Who Should Be Responsible For Stopping Programmatic Ad Fraud?
Columnist Ratko Vidakovic lays out the players in the programmatic ad ecosystem and examines who should be held responsible for preventing ad fraud.
In the first two installments of this ad fraud series, we examined what ad fraud looks like and discussed the reasons why ad fraud exists. In this third installment, we look at the various participants in the supply chain, and determine who should be responsible for stopping ad fraud.
The programmatic ad ecosystem is very compartmentalized in nature. There are sell-side technologies and buy-side technologies, each serving their own constituents.
But ad fraud impacts all participants, and it is in everyone’s long-term interest that it be stamped out. While most individual players have been reluctant to even discuss its existence — for fear of being the one who opened Pandora’s box — it’s time for the players to step up and own their portion of responsibility. What does this mean?
The current “solution” is that each participant puts pressure on the company that is one step upstream from them. So, for example, a brand demands clean inventory from their agency. The agency expects their DSP (demand-side platform) partners to have clean inventory. The DSPs demand that ad exchanges do a better job of passing through clean inventory. And so on.
But this is just another form of hot potato, and it does nothing to root out the problem.
But let’s start at the source. Let’s look at how fraud enters the programmatic ecosystem and see how responsibility flows.
The Role Of Publishers
Fake traffic has become a commodity. There’s malware for generating it and brokers who sell it. Some companies pay for it intentionally, some accidentally, and some prefer not to ask where their traffic comes from.
–Bloomberg Businessweek, “How Much Of Your Audience Is Fake?”
Publishers are ground zero for where fraud takes place. As the quote above suggests, there are differing levels of intent and complicity from publishers.
Some engage in fraudulent traffic acquisition intentionally; others do so accidentally — usually under the auspices of “audience development.”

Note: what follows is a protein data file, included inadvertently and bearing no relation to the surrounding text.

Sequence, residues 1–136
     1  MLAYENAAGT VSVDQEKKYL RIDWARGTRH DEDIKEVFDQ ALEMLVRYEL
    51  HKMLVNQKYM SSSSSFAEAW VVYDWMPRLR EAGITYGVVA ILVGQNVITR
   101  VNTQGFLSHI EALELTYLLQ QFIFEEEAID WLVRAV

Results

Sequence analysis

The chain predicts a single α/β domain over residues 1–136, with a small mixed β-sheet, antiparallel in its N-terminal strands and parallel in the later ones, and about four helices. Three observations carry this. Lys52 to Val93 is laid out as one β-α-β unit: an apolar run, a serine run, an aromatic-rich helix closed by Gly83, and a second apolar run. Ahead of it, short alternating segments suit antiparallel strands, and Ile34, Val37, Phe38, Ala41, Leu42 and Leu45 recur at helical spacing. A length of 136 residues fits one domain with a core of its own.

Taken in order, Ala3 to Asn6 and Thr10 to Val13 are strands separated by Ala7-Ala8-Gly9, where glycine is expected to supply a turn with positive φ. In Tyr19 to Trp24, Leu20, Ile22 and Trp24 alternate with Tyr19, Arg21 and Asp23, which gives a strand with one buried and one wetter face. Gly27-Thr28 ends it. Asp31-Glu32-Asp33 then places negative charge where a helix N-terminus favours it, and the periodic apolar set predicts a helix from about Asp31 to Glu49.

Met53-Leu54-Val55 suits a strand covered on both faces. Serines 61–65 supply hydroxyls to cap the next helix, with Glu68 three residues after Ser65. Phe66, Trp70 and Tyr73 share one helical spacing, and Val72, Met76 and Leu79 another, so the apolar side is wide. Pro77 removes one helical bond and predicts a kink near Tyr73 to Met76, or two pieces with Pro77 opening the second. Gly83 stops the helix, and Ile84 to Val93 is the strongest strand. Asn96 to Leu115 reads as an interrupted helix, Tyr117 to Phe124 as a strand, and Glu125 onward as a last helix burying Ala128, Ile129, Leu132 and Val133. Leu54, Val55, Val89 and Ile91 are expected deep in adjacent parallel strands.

Whatever the reasoning, the fact of the matter is that it exists, and publishers must be accountable for any fraudulent impressions that find their way into their inventory.
In this day and age, prudent publishers should proactively monitor their own inventory using the many tools available to them (e.g., Integral Ad Science and Pixalate). This allows publishers to ensure that they are not unintentional vehicles for fraud and signals to the other participants that their inventory is clean.
The Role Of Supply-Side Platforms
Once we move from the publishers to the ad tech players, things get a little tricky. This is where many people get tripped up, so bear with me as I explain.
Back in the day, we had ad networks. Ad networks worked with both publishers and advertisers.
By doing so, they were able to manually vet each participant in the ad network. They were also accountable to both the supply and the demand sides.
In the post-ad network programmatic ecosystem, different technology companies separate supply and demand. Publishers (the supply side) use SSPs (supply-side platforms) as their agent to sell their inventory. Advertisers (the demand side) use DSPs as their agent to buy that inventory.
So, as we move down the supply chain from publishers, we have to start by looking at SSPs.
This is a key point: Fraudulent publishers cannot take part in the programmatic ecosystem without an SSP enabling them with the technology to participate.
Now, this raises an obvious question: Why would an SSP allow fraudulent inventory on their platform?